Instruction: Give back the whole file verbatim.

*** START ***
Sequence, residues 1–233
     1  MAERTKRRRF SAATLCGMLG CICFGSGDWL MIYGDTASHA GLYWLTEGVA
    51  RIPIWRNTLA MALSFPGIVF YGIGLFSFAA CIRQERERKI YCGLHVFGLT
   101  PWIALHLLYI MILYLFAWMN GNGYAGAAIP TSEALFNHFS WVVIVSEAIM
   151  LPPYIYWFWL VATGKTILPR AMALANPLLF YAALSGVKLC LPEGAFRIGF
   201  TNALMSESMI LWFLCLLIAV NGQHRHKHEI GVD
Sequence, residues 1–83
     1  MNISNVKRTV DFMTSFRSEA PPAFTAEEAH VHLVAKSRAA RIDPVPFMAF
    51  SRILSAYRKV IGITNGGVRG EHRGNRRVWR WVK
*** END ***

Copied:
Sequence, residues 1–233
     1  MAERTKRRRF SAATLCGMLG CICFGSGDWL MIYGDTASHA GLYWLTEGVA
    51  RIPIWRNTLA MALSFPGIVF YGIGLFSFAA CIRQERERKI YCGLHVFGLT
   101  PWIALHLLYI MILYLFAWMN GNGYAGAAIP TSEALFNHFS WVVIVSEAIM
   151  LPPYIYWFWL VATGKTILPR AMALANPLLF YAALSGVKLC LPEGAFRIGF
   201  TNALMSESMI LWFLCLLIAV NGQHRHKHEI GVD
Sequence, residues 1–83
     1  MNISNVKRTV DFMTSFRSEA PPAFTAEEAH VHLVAKSRAA RIDPVPFMAF
    51  SRILSAYRKV IGITNGGVRG EHRGNRRVWR WVK